Remember, it’s a judgment call on your part. When dressing for Zoom meetings, always remember people on the other side can see you. If you wouldn’t want others to see you dressed and looking messy face-to-face, use that principle for Zoom calls, too.
When is it okay to use a virtual background on Zoom? How’s this: attend the meeting in a quiet setting with a suitable background and decent lighting. If you are the host, ditto. You can opt for Zoom virtual backgrounds or one of the many you can get online. You can also upload your own photo or video. I’ve used my conference room with large bookcases behind me; my inner office—sometimes in a comfortable chair and sometimes with more books in the background; even my outdoor deck when the outside calls to me. What’s important is that it doesn’t confuse the viewer; that you are clearly visible; and when appropriate, lighting is added. Sometimes I use “cowboy lights”—big puffy cloud like lights; sometimes I use the “circle ring” lights (both easily available on Amazon); and sometimes natural light works.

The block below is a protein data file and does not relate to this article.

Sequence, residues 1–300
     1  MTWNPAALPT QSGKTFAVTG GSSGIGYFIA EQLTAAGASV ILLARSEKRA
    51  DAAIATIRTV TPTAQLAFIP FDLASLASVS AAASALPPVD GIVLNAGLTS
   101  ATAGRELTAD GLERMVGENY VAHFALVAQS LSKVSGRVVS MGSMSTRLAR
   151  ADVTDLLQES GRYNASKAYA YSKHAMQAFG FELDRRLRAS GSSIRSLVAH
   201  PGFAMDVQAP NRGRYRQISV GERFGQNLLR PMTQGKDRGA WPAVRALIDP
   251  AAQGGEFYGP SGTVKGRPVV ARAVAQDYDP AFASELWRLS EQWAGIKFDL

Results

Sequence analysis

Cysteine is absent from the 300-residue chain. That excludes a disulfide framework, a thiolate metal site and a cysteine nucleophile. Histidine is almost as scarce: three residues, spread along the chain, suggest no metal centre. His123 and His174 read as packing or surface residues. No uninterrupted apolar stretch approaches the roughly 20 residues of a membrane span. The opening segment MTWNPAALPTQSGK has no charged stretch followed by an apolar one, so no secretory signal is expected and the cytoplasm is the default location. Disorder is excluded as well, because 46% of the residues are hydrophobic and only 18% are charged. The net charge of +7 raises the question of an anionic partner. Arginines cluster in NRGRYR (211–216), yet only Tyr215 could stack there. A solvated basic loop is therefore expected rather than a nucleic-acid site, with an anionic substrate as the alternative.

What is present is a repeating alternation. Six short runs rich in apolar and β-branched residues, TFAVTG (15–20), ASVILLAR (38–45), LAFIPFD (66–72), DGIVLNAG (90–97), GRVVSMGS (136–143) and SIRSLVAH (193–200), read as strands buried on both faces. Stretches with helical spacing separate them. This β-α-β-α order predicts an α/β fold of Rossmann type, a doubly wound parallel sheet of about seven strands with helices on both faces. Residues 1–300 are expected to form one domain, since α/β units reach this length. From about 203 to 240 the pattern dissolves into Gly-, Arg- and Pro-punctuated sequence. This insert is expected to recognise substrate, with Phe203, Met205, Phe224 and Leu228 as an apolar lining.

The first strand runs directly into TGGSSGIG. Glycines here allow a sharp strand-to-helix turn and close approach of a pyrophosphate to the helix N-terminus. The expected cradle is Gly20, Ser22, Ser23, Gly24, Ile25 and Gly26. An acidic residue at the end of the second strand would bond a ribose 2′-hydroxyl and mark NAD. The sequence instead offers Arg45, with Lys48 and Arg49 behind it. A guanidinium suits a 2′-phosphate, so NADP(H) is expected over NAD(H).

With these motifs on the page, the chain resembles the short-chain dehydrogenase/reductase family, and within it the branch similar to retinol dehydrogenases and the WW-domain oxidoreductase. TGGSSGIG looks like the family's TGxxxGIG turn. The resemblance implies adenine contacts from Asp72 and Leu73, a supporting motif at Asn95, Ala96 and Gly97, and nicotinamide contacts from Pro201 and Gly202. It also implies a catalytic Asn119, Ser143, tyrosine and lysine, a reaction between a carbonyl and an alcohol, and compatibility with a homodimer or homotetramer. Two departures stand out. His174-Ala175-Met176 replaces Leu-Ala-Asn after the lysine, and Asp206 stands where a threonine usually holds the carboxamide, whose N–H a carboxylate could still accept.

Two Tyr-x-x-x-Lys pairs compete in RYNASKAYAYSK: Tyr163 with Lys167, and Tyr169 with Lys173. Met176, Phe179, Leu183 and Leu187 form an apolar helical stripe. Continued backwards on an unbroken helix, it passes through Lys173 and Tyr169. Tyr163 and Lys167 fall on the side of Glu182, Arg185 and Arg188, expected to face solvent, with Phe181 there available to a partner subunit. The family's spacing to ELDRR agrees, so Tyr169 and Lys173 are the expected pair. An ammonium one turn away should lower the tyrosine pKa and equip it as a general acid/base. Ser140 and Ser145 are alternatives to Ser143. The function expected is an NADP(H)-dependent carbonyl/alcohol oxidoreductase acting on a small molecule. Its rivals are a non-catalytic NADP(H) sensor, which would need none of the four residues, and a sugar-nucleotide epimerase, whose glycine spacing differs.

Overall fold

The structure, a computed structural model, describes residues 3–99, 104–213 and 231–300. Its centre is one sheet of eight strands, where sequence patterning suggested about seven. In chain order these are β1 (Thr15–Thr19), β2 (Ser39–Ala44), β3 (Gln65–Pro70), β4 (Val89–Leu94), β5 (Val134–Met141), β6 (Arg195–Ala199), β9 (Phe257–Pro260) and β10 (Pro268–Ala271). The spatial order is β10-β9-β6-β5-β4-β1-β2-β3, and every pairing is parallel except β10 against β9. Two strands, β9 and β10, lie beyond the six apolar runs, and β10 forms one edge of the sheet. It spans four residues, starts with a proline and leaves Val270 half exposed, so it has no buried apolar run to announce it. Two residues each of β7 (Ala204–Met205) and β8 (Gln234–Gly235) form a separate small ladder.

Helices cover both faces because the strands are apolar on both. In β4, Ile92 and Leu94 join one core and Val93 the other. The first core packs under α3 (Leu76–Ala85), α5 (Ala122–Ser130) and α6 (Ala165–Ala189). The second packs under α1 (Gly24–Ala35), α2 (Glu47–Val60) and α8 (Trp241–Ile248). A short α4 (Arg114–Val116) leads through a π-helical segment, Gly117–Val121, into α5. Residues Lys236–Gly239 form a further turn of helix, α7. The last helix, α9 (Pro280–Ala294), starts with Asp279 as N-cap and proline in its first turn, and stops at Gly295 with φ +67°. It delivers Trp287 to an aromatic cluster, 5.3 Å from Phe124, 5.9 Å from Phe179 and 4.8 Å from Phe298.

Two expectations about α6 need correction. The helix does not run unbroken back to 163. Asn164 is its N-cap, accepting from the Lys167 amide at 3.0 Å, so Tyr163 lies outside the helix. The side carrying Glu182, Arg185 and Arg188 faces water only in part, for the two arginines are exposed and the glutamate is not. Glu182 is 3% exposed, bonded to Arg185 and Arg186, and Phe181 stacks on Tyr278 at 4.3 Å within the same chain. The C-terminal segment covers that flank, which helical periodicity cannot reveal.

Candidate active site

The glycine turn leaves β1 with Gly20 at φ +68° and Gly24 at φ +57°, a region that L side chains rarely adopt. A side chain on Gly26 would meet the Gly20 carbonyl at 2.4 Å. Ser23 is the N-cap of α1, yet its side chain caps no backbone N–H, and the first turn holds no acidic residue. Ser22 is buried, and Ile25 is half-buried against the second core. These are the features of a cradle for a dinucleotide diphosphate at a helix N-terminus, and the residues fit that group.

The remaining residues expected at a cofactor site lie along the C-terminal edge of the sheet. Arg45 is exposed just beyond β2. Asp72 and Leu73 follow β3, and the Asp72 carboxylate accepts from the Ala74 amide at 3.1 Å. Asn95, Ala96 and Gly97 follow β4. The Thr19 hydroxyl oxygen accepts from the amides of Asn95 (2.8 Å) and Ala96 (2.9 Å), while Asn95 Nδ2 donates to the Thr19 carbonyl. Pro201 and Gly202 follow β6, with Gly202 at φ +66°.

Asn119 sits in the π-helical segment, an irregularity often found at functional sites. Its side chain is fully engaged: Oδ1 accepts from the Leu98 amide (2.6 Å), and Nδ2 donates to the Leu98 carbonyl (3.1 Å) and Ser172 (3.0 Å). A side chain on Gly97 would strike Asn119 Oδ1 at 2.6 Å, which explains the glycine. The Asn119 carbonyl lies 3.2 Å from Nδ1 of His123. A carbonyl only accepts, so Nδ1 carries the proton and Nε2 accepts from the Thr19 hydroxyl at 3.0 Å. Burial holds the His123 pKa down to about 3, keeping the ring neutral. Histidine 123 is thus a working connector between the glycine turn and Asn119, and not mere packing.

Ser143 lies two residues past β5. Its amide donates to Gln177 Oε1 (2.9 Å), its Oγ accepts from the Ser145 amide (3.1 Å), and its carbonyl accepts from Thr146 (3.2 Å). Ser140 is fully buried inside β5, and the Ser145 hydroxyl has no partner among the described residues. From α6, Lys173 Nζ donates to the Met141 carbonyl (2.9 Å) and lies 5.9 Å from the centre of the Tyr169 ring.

What you don’t need is one that is unkempt and sloppy. What you do need is a virtual background that suits you and your brand. And please remember, it’s a background, not a distraction, and that includes you. Some of the filters cut into your image—hair, even face—if you move just a tad. Do not use them.